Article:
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What EU regulations are there regarding cryptocurrency?

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As Facebook plans to launch its own cryptocurrency, the Libra coin, governments have expressed doubts around whether the social media giant is adequately equipped to manage its own digital currency.

Concerns around data security, money laundering, and the global financial power Facebook have all increased the urgency for clearer regulation to protect those who buy cryptocurrency.

Facebook's plan has pushed cryptocurrency regulation up the agenda in Europe. Fears are that widespread use of Libra coin as an alternative means of transacting by Facebook's 2.4bn users could even disrupt the entire global financial system.

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Germany's Finance Minister, Olaf Scholz has expressed his concerns. He says currency should not be owned by a private company, because it is part of what makes a sovereign state. Scholz does not want the Libra coin to be viewed as an alternative to the Euro and he has also warned it could help facilitate money laundering. Germany does not recognise cryptocurrency as a form of legal tender, and BaFin, the German financial regulator, has recently issued public warnings regarding the marketing of cryptocurrency.

Compared with some other European countries, Switzerland is highly crypto-friendly. It is one of the few countries to have regulation already in place. Its governments and authorities recognise the potential for economic growth that cryptocurrency and blockchain technology represent, making Switzerland a leader in this market.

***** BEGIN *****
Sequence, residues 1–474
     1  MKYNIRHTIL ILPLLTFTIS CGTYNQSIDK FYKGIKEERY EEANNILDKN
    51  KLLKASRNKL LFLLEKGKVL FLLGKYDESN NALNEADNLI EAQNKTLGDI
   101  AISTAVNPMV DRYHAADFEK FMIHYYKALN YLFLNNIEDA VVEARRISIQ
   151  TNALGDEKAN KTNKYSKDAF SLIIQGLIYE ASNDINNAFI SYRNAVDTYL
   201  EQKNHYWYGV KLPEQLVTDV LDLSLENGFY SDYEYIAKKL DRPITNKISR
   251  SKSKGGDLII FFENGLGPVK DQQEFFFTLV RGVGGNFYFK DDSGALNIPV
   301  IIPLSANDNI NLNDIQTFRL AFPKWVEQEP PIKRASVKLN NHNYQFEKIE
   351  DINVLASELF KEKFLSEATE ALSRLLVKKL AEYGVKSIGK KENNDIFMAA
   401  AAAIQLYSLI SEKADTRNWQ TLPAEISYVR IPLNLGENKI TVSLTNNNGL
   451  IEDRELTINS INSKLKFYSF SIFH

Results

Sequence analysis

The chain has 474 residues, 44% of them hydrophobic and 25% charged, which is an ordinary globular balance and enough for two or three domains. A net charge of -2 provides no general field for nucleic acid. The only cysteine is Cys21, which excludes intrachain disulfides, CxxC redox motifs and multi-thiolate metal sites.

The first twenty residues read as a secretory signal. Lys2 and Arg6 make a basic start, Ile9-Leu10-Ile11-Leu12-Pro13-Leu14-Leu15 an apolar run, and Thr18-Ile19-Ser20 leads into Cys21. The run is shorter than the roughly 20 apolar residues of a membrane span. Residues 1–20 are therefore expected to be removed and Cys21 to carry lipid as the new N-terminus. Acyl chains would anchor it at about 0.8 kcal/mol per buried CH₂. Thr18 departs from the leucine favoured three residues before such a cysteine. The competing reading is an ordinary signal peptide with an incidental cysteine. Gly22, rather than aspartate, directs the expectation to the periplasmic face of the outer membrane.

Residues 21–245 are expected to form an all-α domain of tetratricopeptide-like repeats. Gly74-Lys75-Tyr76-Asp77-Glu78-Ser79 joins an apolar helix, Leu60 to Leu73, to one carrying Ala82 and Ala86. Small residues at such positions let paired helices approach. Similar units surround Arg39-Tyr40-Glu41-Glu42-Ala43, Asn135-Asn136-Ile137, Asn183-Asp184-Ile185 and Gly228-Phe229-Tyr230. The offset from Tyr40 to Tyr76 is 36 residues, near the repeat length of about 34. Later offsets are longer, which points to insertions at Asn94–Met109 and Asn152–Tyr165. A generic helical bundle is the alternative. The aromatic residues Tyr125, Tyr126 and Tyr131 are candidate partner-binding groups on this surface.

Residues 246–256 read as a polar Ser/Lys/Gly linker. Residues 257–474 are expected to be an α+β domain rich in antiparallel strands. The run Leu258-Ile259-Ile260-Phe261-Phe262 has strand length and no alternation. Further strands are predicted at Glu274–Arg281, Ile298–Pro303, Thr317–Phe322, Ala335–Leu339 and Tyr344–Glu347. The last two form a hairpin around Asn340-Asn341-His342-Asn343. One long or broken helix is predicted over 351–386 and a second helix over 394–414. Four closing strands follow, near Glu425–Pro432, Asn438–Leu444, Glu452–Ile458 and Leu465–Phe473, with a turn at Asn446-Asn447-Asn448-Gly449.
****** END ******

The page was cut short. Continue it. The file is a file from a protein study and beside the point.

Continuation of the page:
France's financial regulatory body, the AMF has also recognised the need for greater regulation of cryptocurrency and is launching a new framework. It will be a voluntary code of practice covering tax mandates, capital requirements and consumer protection agreements. Cryptocurrency organisations would need to agree to it as a condition of regulatory approval. The AMF is currently in talks with several cryptocurrency exchanges, hedge funds and custodians regarding the proposed new regulatory measures.

In April this year, France also made it illegal for banks to deny bank accounts to cryptocurrency and blockchain companies, provided they opt in to regulation. France's clearer regulatory measures could now make it a more attractive base for cryptocurrency related organisations.

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The UK does not recognise cryptocurrency as legal tender, although it does have registration processes for the platforms it trades on. It doesn't have any laws around it, and is concerned about Facebook's proposals. While recognising Libra coin's potential, the Governor of the Bank of England, Mark Carney has made it clear that Facebook will face intense scrutiny from many areas before Libra coin will be authorised for launch. This will include collaboration across the G7 countries, the IMF (International Monetary Fund) the Financial Stability Board and the Bank of International Settlements.

The FCA (Financial Conduct Authority) also expressed its concerns around the size of Facebook, and whether it is equipped to handle the level of responsibility needed to become a global online payments provider.

Spain also takes a cautious view around cryptocurrency, and although it recognises the potential for blockchain technology, it issued a communique with the Spanish Stock Market Regulator (CNMV) last year warning consumers against crypto currency investment.

Whether Facebook manages to launch the Libra coin by June 2020 as planned remains to be seen, but either way it has certainly opened up an important debate, which should ultimately bring about clearer legislation of the cryptocurrency market.

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